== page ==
Under previous rules, the investor taking benefits from an ordinary personal pension could take up to one-quarter of the value of the contract as a tax-free cash sum, but had to use the balance to buy a fixed annuity from a life company at the going rate, which might not be favourable.
Annuity rates quoted by life companies depend on four factors - current interest rates, mortality rates, the sex of the investor, and expenses. The dominant factor is the prevailing level of interest rates, plus an allowance that represents the capital surrendered by the investor.
During the years of high interest rates, annuity rates were accordingly high, and investors taking benefits from personal pensions received high levels of income. But as the Government brought down interest rates, actuaries at life companies lowered annuity rates.
Indeed, annuity rates have fallen by more than a quarter over the past few years, and investors have consequently been receiving lower incomes from personal pensions.
Now the Government cannot repeal the laws of economics and have high interest rates for savers and low interest rates for borrowers, much as it might like to do so.
However, to meet the demands of investors holding personal pensions, it has introduced a facility whereby an investor can choose to retire and take the tax-free lump sum but defer buying an annuity. Instead, he or she can take income direct from the personal pension contract in the meantime.
So if annuity rates are low, the investor can take income from the pension fund and wait until annuity rates are more favour- able. But it is by no means as simple as it sounds.
If the investor elects to take income from the fund, that income is also subject to limits.
These are determined by the value of the contract at the time the benefits are taken, and the hypothetical rates produced by the Government Actuary, which depend on the age of the investor and the yields on long-term gilts at the time the benefits are taken. Naturally, there are separate rates for men and women.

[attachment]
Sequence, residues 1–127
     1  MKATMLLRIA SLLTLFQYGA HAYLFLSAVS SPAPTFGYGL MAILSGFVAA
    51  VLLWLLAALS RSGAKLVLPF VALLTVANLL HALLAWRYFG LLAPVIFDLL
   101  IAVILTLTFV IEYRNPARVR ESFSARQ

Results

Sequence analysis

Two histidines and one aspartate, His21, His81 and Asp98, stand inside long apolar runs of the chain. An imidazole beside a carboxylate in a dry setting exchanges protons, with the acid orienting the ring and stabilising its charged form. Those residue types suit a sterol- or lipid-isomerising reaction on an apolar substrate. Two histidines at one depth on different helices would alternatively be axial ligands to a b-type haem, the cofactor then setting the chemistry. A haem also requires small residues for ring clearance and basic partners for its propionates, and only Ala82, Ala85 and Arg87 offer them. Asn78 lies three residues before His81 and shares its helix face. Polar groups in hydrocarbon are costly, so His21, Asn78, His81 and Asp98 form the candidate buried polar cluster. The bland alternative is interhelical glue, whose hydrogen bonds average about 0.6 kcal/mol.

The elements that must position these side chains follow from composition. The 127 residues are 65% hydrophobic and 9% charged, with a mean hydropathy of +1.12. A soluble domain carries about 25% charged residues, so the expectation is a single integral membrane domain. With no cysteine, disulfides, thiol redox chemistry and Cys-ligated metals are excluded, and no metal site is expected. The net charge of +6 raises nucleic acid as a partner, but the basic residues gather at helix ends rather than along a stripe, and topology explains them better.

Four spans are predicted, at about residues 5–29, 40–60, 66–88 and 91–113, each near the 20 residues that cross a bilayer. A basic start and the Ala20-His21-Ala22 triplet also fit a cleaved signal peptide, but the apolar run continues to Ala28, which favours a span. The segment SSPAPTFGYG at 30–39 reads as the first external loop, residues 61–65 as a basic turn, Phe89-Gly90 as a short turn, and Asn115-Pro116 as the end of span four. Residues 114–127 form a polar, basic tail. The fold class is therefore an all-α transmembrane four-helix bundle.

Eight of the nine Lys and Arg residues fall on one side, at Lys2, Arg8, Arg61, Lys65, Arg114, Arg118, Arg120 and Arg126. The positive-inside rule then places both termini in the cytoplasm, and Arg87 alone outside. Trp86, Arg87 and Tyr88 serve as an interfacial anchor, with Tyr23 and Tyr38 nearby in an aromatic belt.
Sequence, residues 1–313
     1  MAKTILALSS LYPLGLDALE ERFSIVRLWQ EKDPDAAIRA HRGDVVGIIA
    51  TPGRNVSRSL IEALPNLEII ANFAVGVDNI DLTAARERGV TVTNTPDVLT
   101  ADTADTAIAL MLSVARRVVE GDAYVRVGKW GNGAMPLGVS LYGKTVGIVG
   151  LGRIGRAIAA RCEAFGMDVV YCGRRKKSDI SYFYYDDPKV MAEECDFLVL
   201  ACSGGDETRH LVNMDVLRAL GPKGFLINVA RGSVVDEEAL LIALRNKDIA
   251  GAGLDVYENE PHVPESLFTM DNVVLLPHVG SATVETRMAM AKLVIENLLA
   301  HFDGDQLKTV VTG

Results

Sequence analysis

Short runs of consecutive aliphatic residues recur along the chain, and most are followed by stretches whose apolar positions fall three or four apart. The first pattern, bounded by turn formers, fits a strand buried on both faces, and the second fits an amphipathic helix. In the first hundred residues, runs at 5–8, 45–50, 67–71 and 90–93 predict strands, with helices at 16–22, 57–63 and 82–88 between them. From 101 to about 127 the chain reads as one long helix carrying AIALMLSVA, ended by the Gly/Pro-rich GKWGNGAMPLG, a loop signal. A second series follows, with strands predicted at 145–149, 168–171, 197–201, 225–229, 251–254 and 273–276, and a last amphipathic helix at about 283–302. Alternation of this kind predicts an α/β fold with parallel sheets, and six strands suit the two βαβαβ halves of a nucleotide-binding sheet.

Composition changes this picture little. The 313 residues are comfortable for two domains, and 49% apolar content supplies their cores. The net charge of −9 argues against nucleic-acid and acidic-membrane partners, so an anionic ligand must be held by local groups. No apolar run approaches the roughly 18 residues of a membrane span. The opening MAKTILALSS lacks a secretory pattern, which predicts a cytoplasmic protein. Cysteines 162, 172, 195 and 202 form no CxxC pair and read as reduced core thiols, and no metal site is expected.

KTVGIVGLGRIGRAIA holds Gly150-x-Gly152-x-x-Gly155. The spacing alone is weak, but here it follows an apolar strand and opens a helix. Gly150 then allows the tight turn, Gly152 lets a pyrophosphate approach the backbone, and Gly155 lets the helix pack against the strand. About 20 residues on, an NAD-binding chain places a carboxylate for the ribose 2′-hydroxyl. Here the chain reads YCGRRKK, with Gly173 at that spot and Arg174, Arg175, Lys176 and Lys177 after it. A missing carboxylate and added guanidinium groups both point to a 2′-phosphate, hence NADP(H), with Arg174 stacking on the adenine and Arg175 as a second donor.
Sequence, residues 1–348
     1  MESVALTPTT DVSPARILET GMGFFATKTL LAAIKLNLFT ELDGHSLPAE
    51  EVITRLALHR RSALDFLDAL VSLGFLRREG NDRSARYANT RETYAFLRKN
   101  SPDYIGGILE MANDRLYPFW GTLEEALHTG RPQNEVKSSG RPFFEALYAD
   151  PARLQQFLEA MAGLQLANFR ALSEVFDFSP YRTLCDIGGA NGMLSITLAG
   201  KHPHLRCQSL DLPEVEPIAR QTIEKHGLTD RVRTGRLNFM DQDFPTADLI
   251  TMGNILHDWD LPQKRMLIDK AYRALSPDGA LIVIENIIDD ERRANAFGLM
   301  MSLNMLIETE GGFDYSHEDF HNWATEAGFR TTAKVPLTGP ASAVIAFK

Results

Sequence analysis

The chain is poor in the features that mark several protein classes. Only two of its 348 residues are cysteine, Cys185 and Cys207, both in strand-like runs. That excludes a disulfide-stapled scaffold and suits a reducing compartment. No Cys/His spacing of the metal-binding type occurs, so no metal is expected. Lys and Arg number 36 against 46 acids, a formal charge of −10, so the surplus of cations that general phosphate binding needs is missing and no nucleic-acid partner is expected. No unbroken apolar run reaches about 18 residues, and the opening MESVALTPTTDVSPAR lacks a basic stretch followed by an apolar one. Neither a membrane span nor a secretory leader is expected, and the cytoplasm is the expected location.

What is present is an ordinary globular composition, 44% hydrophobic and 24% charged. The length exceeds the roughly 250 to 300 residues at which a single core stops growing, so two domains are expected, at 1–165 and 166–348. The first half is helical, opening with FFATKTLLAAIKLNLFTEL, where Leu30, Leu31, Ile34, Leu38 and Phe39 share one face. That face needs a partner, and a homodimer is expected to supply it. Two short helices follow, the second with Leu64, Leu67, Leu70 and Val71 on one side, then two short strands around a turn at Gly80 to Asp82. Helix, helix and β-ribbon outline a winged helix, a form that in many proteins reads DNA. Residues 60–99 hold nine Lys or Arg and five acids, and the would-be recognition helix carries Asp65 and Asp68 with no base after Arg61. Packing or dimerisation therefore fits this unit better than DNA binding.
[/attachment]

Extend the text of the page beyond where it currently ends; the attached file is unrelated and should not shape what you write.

These hypothetical rates approximately reflect current annuity rates at the time the ben- efits are taken.
For example, a man born on 1 May, 1930, decides to take the benefits from a personal pension on 10 July, 1995, at age 65. The applicable yield, based on the yield on gilt-edged stocks, is 8.23 per cent, and the total inocme available is 11.4 per cent for men and 10.3 per cent for women.
The minimum income, which the investor must take each year, is 35 per cent of the maximum income.
The investor has complete freedom to decide how the remaining funds in the personal pension are invested. But every three years, the maximum / minimum income is reviewed, based on the value remaining in the contract and the hypothetical rates applicable to the age of the investor and long-term gilt yields at the time. This review is repeated every three years until an annuity is finally bought.
The intention of these reviews is ensure that the investor monitors the amounts being taken out of the personal pension contract and to provide a warning if the funds are being depleted too rapidly. Nevertheless, it is possible that the maximum income that can be taken could be reduced after three years - if investment returns are low and interest rates fall over the three-year period.
The investor has the opportunity of buying an annuity at any time with the balance of the value of the contract. However, the purchase of an annuity cannot be put off beyond the investor's 75th birthday.
If the investor dies before buying an annuity, his or her dependents can continue making income withdrawals until the investor would have been - or the dependent is - 75, at which point the latter can buy an immediate annuity or take the remaining value of the fund in cash, less tax at 35 per cent.